FOR IMMEDIATE RELEASE 16-110
October 21, 2016
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Department of Environmental Protection Announces Results from 2016 Reservoir Cleanup
More than 250 volunteers from across the Hudson Valley and Catskills collected more than a ton of debris and recyclables from reservoir shorelines
Photos of the cleanup at each reservoir are available on DEP’s Flickr Page
The New York City Department of Environmental Protection (DEP) today announced that 264 volunteers from across the Hudson Valley and Catskills collected more than a ton of trash and recyclables during this year’s Reservoir Cleanup Day. The effort to remove debris, litter and recyclables from miles of shoreline was led by school groups, business leaders, local nonprofits and watershed citizens.
The Oct. 2 event comprised cleanup efforts at nine water supply reservoirs, including Ashokan, Cannonsville, Pepacton and Rondout reservoirs in the Catskills, and Cross River, Kensico, Lake Gleneida, Muscoot and New Croton reservoirs in the Hudson Valley. In total, volunteers collected 259 bags of debris and recyclables. The haul weighed a total of 3,342 pounds. In many cases, the debris had blown onto the reservoir property from nearby roadsides, had washed up along the shores from past storms, or was left behind at access areas used by the public for fishing and boating.
“The results from Reservoir Cleanup Day should serve as a clear reminder that all of us—anglers, boaters, motorists, local residents and visitors—play an important role in the protection of our natural resources,” DEP Acting Commissioner Vincent Sapienza said. “I want to thank all the volunteers who joined our DEP staff for this cleanup. New York City is truly blessed to have watershed neighbors that care about our reservoirs and forests as much as we do.”
Debris collected during the cleanup included 3,647 glass, plastic and metal beverage containers, 330 grocery bags, 1,022 cigarette butts, 990 food wrappers, 604 takeout food containers, 147 pieces of fishing line, 43 tires, and 2,762 broken pieces of glass, plastic and foam. Reservoir Cleanup Day was among dozens of similar events happening across the state as part of the American Littoral Society’s annual New York State Beach Cleanup, which organizes volunteers to remove debris from beaches, lakes and other popular bodies of water. Data from the reservoir cleanups was reported back to the American Littoral Society to generate a statewide tally that will soon be available. DEP is among the government agencies, businesses and foundations that sponsor the statewide effort. In 2015, the New York State Beach Cleanup included 7,723 volunteers across 26 counties, accounting for the removal of 125,554 pounds of debris along more than 250 miles of shoreline.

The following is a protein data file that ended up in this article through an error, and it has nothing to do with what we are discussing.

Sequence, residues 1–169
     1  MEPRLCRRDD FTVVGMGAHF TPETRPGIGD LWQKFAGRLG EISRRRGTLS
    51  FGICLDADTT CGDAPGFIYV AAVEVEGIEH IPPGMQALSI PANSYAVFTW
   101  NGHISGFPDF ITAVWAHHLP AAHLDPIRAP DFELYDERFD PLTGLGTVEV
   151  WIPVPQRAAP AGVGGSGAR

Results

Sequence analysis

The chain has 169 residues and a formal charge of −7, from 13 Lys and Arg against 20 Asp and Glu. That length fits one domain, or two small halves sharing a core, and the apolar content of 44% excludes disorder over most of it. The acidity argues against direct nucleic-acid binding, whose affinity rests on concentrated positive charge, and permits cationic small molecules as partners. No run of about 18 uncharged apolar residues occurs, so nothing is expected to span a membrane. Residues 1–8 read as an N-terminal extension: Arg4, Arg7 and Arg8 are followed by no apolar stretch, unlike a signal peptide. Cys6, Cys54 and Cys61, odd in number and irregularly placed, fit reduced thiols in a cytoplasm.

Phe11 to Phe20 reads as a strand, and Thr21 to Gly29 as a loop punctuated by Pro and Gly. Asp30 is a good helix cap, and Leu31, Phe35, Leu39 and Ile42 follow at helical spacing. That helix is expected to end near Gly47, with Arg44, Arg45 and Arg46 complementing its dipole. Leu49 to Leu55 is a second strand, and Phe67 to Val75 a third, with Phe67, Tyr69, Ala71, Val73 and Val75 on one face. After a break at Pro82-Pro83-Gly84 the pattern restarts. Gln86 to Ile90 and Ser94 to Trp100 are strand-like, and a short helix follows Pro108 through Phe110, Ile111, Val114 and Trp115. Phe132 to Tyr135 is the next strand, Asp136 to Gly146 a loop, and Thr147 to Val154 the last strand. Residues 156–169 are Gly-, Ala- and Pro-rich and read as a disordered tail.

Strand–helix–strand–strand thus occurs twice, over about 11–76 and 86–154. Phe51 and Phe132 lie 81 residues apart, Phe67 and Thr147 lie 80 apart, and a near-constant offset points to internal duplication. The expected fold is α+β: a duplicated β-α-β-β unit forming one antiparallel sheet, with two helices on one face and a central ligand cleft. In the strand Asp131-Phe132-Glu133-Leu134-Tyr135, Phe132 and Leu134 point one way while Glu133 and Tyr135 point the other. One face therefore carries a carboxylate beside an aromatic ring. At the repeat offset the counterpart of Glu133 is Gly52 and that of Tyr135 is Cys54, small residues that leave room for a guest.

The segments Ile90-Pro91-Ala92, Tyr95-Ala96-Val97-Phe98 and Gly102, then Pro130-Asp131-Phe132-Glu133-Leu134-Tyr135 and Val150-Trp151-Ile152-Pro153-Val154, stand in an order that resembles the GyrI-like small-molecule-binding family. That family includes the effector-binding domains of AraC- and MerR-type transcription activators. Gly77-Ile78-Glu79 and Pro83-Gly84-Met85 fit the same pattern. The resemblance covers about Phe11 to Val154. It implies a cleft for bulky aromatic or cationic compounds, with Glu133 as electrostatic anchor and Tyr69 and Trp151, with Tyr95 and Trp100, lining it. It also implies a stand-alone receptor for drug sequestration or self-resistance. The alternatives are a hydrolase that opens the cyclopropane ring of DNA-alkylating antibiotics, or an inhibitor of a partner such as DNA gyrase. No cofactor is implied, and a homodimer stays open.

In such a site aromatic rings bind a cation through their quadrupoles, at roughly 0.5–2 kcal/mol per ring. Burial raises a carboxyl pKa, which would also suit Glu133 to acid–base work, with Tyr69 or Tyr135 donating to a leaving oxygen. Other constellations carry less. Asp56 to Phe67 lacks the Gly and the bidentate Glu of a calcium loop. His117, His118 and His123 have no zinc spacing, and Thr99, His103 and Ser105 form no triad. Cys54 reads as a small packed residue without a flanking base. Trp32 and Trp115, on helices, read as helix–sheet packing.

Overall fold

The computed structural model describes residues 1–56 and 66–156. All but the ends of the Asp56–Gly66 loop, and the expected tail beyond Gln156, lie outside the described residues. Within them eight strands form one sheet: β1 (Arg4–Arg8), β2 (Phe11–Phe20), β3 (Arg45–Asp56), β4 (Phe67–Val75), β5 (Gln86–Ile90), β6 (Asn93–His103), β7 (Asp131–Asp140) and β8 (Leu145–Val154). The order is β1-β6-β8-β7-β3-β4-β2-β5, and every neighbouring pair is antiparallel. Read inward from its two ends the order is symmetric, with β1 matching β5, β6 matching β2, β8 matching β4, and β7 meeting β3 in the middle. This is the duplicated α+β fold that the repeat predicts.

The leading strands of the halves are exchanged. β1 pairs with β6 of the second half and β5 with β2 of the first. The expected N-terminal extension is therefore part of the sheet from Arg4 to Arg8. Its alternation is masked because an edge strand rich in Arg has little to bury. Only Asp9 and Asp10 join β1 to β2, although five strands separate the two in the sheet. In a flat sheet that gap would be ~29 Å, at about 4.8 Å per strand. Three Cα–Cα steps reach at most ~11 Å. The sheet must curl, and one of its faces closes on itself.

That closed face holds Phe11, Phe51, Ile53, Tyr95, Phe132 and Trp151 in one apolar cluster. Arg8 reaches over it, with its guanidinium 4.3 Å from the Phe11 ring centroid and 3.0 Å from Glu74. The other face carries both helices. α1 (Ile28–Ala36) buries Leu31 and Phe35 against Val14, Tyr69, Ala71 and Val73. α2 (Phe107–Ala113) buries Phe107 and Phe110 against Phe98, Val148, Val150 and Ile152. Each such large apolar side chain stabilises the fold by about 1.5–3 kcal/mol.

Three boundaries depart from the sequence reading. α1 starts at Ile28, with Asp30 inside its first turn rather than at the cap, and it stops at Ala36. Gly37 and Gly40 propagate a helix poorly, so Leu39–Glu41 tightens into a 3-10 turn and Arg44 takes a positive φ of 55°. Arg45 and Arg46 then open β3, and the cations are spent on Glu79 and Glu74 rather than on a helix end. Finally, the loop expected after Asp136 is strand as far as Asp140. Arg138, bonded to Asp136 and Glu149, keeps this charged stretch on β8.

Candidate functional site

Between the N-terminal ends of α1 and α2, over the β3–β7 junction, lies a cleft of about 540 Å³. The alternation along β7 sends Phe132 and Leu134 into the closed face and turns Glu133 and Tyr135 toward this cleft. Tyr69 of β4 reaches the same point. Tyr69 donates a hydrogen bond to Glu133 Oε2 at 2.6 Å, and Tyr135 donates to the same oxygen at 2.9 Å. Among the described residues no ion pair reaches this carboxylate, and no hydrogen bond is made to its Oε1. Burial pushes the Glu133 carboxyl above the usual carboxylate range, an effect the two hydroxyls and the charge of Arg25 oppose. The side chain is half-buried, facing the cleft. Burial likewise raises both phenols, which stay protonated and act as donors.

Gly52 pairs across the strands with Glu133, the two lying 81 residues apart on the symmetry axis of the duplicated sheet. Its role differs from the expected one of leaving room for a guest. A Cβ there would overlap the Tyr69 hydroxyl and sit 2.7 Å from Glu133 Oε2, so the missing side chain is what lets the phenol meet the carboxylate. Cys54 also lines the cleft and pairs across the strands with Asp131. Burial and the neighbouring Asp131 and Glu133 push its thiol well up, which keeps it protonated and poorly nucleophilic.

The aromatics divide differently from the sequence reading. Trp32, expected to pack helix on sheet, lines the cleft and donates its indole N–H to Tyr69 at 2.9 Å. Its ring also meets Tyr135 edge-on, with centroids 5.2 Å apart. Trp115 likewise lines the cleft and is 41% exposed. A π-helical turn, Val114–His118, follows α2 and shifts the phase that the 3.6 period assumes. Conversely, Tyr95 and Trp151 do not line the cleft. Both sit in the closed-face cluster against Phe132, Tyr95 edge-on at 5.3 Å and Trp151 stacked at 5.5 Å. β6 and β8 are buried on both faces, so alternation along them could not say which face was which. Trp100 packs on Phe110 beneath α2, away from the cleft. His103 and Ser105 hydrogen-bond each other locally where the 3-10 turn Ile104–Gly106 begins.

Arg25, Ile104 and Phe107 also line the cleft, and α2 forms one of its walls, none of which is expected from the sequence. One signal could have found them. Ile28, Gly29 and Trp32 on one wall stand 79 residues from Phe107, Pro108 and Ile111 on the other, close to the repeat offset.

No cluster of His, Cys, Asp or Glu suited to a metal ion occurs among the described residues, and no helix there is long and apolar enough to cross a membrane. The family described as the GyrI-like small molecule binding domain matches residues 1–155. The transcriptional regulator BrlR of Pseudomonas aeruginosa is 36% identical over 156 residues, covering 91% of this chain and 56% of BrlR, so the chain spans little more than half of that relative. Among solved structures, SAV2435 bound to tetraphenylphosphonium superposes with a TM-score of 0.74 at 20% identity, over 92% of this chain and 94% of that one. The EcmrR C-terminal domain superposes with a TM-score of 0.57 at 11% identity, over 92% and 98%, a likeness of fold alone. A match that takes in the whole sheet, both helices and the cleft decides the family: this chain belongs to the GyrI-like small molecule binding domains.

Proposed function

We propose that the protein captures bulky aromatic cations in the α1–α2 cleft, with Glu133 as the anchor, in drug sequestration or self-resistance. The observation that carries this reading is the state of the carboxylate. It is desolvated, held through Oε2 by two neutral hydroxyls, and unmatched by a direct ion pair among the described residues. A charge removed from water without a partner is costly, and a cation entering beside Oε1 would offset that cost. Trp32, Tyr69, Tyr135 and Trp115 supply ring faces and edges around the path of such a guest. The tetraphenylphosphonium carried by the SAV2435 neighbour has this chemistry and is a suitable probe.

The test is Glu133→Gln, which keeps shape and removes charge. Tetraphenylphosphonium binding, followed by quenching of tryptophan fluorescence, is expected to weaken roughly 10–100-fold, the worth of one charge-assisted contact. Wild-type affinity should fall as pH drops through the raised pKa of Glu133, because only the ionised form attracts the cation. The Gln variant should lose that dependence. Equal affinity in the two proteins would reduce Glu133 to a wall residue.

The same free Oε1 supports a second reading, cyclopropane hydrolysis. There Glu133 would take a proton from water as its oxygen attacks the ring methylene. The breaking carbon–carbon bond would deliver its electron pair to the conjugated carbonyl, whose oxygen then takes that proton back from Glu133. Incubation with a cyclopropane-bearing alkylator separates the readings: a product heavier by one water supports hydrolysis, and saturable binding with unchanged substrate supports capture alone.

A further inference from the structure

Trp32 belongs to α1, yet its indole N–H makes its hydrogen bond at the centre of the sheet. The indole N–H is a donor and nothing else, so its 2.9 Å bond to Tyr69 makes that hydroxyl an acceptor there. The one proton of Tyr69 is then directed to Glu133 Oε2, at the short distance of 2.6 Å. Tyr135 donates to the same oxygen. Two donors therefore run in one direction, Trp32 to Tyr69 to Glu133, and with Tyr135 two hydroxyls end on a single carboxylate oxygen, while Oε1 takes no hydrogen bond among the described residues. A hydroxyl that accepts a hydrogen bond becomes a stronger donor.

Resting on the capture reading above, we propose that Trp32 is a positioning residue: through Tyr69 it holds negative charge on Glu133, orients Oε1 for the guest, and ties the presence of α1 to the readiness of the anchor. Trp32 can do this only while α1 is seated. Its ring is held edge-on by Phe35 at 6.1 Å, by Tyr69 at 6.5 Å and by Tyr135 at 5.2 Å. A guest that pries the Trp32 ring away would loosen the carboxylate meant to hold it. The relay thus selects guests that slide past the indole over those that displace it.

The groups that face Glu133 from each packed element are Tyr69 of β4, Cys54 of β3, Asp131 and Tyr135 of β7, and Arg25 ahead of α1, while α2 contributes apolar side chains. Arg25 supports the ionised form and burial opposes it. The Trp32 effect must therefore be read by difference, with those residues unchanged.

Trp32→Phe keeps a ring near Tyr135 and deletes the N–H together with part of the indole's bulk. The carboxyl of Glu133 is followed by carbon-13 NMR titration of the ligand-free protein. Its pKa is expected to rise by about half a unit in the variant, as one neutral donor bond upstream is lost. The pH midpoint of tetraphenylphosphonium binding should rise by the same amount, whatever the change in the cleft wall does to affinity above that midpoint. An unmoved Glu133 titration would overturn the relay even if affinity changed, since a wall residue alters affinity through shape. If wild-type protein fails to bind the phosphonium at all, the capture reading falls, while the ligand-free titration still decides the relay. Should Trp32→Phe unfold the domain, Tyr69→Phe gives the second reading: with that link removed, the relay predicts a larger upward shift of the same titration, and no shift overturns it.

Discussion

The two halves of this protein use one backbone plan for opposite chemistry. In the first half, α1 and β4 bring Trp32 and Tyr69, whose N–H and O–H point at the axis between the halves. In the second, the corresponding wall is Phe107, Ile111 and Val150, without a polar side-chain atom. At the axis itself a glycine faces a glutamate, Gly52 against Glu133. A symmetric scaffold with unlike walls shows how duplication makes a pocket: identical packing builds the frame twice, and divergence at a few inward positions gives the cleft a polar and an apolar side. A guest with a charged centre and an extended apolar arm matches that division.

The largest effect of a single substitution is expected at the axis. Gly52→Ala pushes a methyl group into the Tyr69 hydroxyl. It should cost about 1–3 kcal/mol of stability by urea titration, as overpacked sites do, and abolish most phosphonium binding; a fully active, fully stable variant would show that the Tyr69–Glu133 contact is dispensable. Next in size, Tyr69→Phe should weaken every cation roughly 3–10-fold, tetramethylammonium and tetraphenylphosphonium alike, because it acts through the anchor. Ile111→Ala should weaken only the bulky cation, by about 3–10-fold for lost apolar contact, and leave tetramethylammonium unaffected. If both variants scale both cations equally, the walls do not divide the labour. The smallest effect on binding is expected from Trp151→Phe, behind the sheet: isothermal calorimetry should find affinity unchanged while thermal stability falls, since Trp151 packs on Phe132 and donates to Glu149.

DEP manages New York City’s water supply, providing more than one billion gallons of high quality water each day to more than 9 million New Yorkers. This includes more than 70 upstate communities and institutions in Ulster, Orange, Putnam and Westchester counties who consume an average of 110 million total gallons of drinking water daily from New York City’s water supply system. This water comes from the Catskill, Delaware, and Croton watersheds that extend more than 125 miles from the City, and the system comprises 19 reservoirs, three controlled lakes, and numerous tunnels and aqueducts. DEP has nearly 6,000 employees, including almost 1,000 scientists, engineers, surveyors, watershed maintainers and other professionals in the upstate watershed. In addition to its $70 million payroll and $157 million in annual taxes paid in upstate counties, DEP has invested more than $1.7 billion in watershed protection programs—including partnership organizations such as the Catskill Watershed Corporation and the Watershed Agricultural Council—that support sustainable farming practices, environmentally sensitive economic development, and local economic opportunity. In addition, DEP has a robust capital program with nearly $14 billion in investments planned over the next 10 years that will create up to 3,000 construction-related jobs per year. For more information, visit nyc.gov/dep, like us on Facebook, or follow us on Twitter.